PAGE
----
January 12, 2014
A Catholic priest said to a Baptist pastor whose church practiced immersion baptism, “If I immerse somebody just up to his ankles, is that enough?” “No,” answers the Baptist. “How about up to his knees?” “Nope.” “How about up to his shoulders?” “No sir!” “You mean I’ve got to get the water over the top of his head?” “That’s right,” said the Baptist. “Good,” said the Catholic. “That proves that it’s the top of the head that’s the important part to get wet and that’s what the Catholics prefer at baptism: pouring water over the head.” (That is why at baptism, to replace immersion, I pour water over the baby’s head as much as I can. By the way, we don’t have the baptismal font yet).
Baptism is called the gateway to new life, a rebirth in the death and resurrection of the Lord, the gate of other sacraments, and the entrance way to God's family, the Church. All the promises of salvation, converging from various biblical sources, become real in baptism. The baptism of Jesus is found in four Gospels, each with a different shade of meaning. But more than the baptism of Jesus is recounted; the revelation of God at his baptism points to our own baptism as well. The Father acknowledges Jesus as Son and favored one, upon whom God's Spirit rests. In this recognition, there are echoes of the First Servant Song in the first reading from Isaiah. In the reading from the Acts, there is emphasis on the access to salvation now open to all people.
The New Testament catechesis on baptism is addressed to people who understand or understood the step to be taken. Baptism brings together the promises of God from the distant past and the redemption brought about by Christ and actualises them in the life of the person accepting the faith. It is the key and central sacrament, the door to the future, the transition from death to life. Unfortunately, it is all too often little more than a cultural reality, something that every child is born into, a 'must' in one's life regardless of what the future holds. In other words, it is simply a given! How do I understand my own baptism? What does baptism mean for me?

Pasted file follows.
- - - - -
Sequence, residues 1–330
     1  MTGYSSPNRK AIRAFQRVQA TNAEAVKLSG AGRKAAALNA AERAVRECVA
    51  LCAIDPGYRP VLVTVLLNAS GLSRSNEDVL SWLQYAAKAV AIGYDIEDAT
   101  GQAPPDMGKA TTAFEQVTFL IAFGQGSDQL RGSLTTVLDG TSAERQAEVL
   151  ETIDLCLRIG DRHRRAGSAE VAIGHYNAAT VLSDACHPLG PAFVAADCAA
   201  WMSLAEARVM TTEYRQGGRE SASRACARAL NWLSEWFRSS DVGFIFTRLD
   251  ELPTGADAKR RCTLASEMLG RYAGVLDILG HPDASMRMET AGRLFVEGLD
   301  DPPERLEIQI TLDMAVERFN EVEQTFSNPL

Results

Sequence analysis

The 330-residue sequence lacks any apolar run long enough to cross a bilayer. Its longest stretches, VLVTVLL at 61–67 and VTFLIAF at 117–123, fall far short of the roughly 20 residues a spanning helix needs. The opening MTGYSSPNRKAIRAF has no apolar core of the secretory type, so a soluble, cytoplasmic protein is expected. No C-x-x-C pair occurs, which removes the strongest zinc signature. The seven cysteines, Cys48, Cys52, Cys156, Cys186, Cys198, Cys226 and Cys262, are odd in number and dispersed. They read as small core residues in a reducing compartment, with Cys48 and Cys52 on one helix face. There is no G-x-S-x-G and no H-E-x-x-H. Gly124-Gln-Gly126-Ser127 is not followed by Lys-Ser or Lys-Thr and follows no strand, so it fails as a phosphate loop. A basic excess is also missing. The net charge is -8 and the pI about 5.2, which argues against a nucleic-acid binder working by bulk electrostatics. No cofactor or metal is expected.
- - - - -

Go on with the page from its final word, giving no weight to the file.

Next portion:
There are certain days, such as anniversaries, that we like to mark with special attention. Usually our birthday is one of them. But if we really thought about it, we would be more likely to celebrate the anniversary of our baptism. The trouble is we all know our birth date, but few of us are sure of the exact date of our baptism. And yet our baptism was probably the most important date in our lives, because not only did it make us children of God, but made us capable of being receptive of all the other important spiritual aspects of our lives.
For instance, before I was ordained priest, I had to give some proof of my baptism, because I could not be ordained unless I was baptized, and so with other sacraments, Eucharist, Confirmation, Marriage, all require proof of prior baptism. So you see, baptism has affected the lives of each one of us. If we have not been baptized our lives would have been totally different. That is why it is good on the feast of our Lord's baptism to give some thoughts of our own baptism.
Last year we baptized 71 babies, children and adults, but we also postponed some. Baptism is one of the best gifts from God. Because it is a free gift, it should not be postponed or denied, but it also should not be taken lightly. Some people asked me to baptize their children because they wanted their children to attend a Catholic school. I told them that I would introduce their children to a Catholic school but I would not baptize them unless the parents realize that baptism is a very serious thing to mark a child for life with the indelible sign of belonging to God.
Too often babies were brought to the Church just as a matter of form to be baptized, or just a celebration that needs to be done. Often little thought was given to the true meaning of what was entailed. Parents, godparents and community should be aware of the serious obligations we are assuming on behalf of the child. We are marking a lifelong commitment for the child and we are bound to do what we can to see that the child is raised in such a way that he or she will have no problem in ratifying that commitment when the time comes.
We see that the baptism of Jesus was a commitment on his part, marking the beginning of his public ministry, his call to mission, the recognition that he was moved by the Spirit, as God's chosen servant and son. Jesus' new beginning is God's new beginning. Through the person of Jesus, God will reach out to us in a new way. Whatever Jesus does will be accomplished by the power of God's Spirit in him. That is the significance of his baptism.
Most of us were baptized as babies. At that time the same Spirit of God reached out to us. When we were carried to the font of baptism in the arms of our parents or godparents, our commitment was spoken for us, our future was promised to God. We spend the rest of our lives trying to make good out of these promises and commitment. It should make us realize that our baptism was not just a one shot deal, it faces us each day as God's expectation of us. Whether we like it or not, our baptism influences everything we do or say. We must ask ourselves "How well are we living up to our baptismal commitment. Am I proud to be a child of God and do others recognize this in me?